Clean Seas for a Cleaner Pacific to help save our lifeblood
- Published on 16 March 2017
Waste collected by a boom placed in Mataniko River, Solomon Islands
16 March 2017, Suva, Fiji - Globally, poor waste disposal practises contributes to 80% of marine debris, waste that travels up the food chain or then becomes an unwelcome part of the ocean, the very ocean that is our Pacific lifeblood. From the fish we eat to the reefs that protect our shores, Pacific marine ecosystems are under threat of marine litter and pollution.
The "Cleaner Seas for a Cleaner Pacific" event jointly coordinated by the UN Environment Pacific Sub Regional Office and the Secretariat of the Pacific Regional Environment Programme (SPREP), during the Pacific Regional Preparatory meeting for the UN Ocean Conference highlighted the alarming statistics - impacts of marine debris across the region. It also showcased actions undertaken by the Pacific region to address this issue.
"In 2014 SPREP started work with the University of Auckland through a PhD student on modelling of sources and fate of marine litter as well as fish ingestion of plastic across the region," presented Mr Roger Cornforth, Deputy Director General of the Secretariat of the Pacific Regional Environment Programme (SPREP).
"The research included taking samples across the region from New Zealand, Samoa, Tahiti and Rapa Nui. Of the 34 species examined, plastic was found in 33 species which is 97% compared to a global trend of 67%."
"We can and we must work together to fix this as it's a problem that is reaching us in our Pacific homes. We cannot ignore it."
The first target in the UN Sustainable Development Goal 14, Life Below Water, is to prevent and significantly reduce marine pollution of all kinds for which a global campaign has been launched by the UN Environment Programme.
"Our global goal is a Pollution-Free Planet, and we are using the Clean Seas Campaign to help reach that goal," said Mr Sefanaia Nawadra, Head of the Pacific Sub-regional Office of the United Nations Environment Programme (UN Environment).
"Marine pollution and debris should be a concern for all of us - we all need to make a personal commitment to address it."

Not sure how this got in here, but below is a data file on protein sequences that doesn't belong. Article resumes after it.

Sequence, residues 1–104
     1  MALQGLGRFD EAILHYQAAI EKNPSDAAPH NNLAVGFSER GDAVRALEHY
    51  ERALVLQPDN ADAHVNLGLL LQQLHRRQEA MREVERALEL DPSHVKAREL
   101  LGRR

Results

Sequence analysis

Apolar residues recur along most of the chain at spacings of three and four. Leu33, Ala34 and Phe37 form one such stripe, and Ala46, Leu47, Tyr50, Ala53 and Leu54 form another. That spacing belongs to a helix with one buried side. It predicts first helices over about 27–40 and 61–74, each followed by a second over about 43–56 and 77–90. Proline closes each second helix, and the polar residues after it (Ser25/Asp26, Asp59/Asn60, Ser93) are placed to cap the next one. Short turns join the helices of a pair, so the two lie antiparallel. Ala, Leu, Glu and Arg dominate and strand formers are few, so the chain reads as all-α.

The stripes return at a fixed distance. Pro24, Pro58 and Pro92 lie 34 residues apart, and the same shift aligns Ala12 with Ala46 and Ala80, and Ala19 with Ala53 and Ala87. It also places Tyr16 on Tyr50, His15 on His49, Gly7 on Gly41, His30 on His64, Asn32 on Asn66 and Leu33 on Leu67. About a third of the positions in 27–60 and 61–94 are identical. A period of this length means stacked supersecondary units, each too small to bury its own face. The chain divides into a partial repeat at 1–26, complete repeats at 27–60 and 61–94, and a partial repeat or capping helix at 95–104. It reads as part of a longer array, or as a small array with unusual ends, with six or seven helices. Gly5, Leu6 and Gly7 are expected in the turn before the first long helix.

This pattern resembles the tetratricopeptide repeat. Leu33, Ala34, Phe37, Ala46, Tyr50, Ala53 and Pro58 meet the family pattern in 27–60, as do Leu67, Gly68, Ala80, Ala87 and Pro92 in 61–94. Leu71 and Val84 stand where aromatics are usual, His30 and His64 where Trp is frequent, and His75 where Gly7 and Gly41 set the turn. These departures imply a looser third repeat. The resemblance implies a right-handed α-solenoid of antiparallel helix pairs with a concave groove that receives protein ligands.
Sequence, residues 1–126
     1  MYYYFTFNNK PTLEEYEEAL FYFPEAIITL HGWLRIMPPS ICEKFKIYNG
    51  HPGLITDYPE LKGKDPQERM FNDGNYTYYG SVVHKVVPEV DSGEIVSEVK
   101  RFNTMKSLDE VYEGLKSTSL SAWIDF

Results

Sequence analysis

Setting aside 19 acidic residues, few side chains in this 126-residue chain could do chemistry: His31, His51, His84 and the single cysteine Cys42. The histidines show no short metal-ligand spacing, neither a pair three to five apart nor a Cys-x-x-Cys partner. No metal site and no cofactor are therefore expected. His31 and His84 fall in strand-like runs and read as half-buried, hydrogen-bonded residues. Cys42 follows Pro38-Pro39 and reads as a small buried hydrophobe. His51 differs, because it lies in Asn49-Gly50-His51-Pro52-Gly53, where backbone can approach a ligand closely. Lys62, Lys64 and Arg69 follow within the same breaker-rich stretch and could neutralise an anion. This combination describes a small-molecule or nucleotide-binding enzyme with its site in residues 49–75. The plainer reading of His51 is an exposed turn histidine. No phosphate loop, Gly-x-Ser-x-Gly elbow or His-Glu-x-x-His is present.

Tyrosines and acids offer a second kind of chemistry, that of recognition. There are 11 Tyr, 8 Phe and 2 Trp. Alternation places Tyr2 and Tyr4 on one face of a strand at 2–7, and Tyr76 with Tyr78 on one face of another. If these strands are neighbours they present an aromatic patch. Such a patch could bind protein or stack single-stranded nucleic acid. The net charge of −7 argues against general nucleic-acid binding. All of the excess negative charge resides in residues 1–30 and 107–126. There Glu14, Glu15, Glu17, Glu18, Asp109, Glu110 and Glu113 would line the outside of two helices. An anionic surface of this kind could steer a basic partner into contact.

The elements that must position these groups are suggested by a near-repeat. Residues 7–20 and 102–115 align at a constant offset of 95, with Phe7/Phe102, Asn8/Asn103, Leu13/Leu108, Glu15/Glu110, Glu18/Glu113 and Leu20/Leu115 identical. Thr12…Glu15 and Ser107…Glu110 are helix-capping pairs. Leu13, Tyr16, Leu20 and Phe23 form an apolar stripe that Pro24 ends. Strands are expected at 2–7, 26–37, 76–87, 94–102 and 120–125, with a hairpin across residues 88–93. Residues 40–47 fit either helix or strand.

Pacific countries are already taking action with a SPREP led regional strategy underway called Cleaner Pacific 2025.
- Dr Melchior Mataki, Solomon Islands (on right)
In 2014 Solomon Islands were part of a UN Environment and SPREP Project that saw a litter boom placed in the Mataniko River to collect waste.
"The Mataniko Program aims to clean up, rehabilitate and promote proper waste management practices through awareness, education and training and promotion of 3R activities, starting in 2014. It is an on-going development program," said Dr Melchior Mataki, Solomon Islands Permanent Secretary of the Ministry of Environment, Climate Change, Disaster Management and Meteorology.
"We need to make the connection between the land and the sea. Solid waste is very visible, but we also need to look at liquid waste, which affects our waterways, lagoons and ocean. Behaviour drives the waste issue. You can have the best waste management system in the world, but if the awareness which is 95% of the job that drives it is missing, you won't get good results."
Both the Clean Seas Campaign and the regional preparations are using voluntary commitments to support sustainable ocean management.
Individual actions, like refusing plastic bags and reducing household waste, can make a difference. An even bigger difference can be made by businesses, community groups, and even governments choosing to avoid certain types of waste or fund pollution control projects.
Republic of Marshall Islands introduced an Act in 2016 that bans the importation, manufacturing, sale or distribution of Styrofoam cups and plates, disposable plastic cups and plates and plastic shopping bags and to implement container deposits provisions.
"To show commitment, government imposed a self-ban on all government offices, against all single-use plastics, styrofoam based products. This self-imposed ban remained in place for a period of time, while work on the legislation for the wider ban was being undertaken," shared Mr Filimon Manoni, Attorney General of the Marshall Islands at the Clean Seas for a Cleaner Pacific event.
"All the major shopping centres, restaurant and all the little shops have begun phasing out the use of plastic bags, and Styrofoam products. Shops and restaurants have now switched to using paper-based cups. Progress on phase out was evident even before the law was passed."
The "Clean Seas for a Cleaner Pacific" event is just one of many to raise awareness and initiate discussion about how we can work together to achieve SDG 14 in the lead up to the UN Ocean Conference in June this year. To learn more of the different issues and impacts to Ocean health in the Pacific region please visit:
https://www.sprep.org/pacific-voyage-un-ocean-conference-2017/our-journey-pacbriefs, this accesses the full suite of factsheets developed by the SPREP and UN Environment Partnership.
This week's regional preparations target the UN Ocean Conference, which is co-hosted by the Governments of Fiji and Sweden and will be held in New York from 5 to 7 June this year. The historic event will rally global action to achieve the UN Sustainable Development Goal 14, Life Below Water. - #SaveOurOcean #CleanSeas #4PacIslands
To make your commitment to prevent marine litter, please visit: http://www.cleanseas.org/
To learn more about the UN Oceans Conference, please visit: https://oceanconference.un.org/
For more information, please contact Nanette Woonton – firstname.lastname@example.org